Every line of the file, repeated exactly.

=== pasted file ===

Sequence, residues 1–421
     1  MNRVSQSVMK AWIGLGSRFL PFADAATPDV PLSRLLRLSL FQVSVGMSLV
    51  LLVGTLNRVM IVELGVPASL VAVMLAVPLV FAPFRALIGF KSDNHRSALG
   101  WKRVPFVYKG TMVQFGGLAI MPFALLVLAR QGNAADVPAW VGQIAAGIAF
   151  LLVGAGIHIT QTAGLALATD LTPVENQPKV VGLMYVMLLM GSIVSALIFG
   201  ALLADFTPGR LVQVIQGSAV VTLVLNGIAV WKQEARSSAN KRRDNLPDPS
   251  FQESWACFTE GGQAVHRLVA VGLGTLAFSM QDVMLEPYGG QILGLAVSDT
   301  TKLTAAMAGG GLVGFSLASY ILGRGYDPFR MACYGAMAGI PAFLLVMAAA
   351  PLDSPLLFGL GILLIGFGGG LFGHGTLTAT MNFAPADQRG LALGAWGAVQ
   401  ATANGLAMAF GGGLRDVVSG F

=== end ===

Sequence, residues 1–421
     1  MNRVSQSVMK AWIGLGSRFL PFADAATPDV PLSRLLRLSL FQVSVGMSLV
    51  LLVGTLNRVM IVELGVPASL VAVMLAVPLV FAPFRALIGF KSDNHRSALG
   101  WKRVPFVYKG TMVQFGGLAI MPFALLVLAR QGNAADVPAW VGQIAAGIAF
   151  LLVGAGIHIT QTAGLALATD LTPVENQPKV VGLMYVMLLM GSIVSALIFG
   201  ALLADFTPGR LVQVIQGSAV VTLVLNGIAV WKQEARSSAN KRRDNLPDPS
   251  FQESWACFTE GGQAVHRLVA VGLGTLAFSM QDVMLEPYGG QILGLAVSDT
   301  TKLTAAMAGG GLVGFSLASY ILGRGYDPFR MACYGAMAGI PAFLLVMAAA
   351  PLDSPLLFGL GILLIGFGGG LFGHGTLTAT MNFAPADQRG LALGAWGAVQ
   401  ATANGLAMAF GGGLRDVVSG F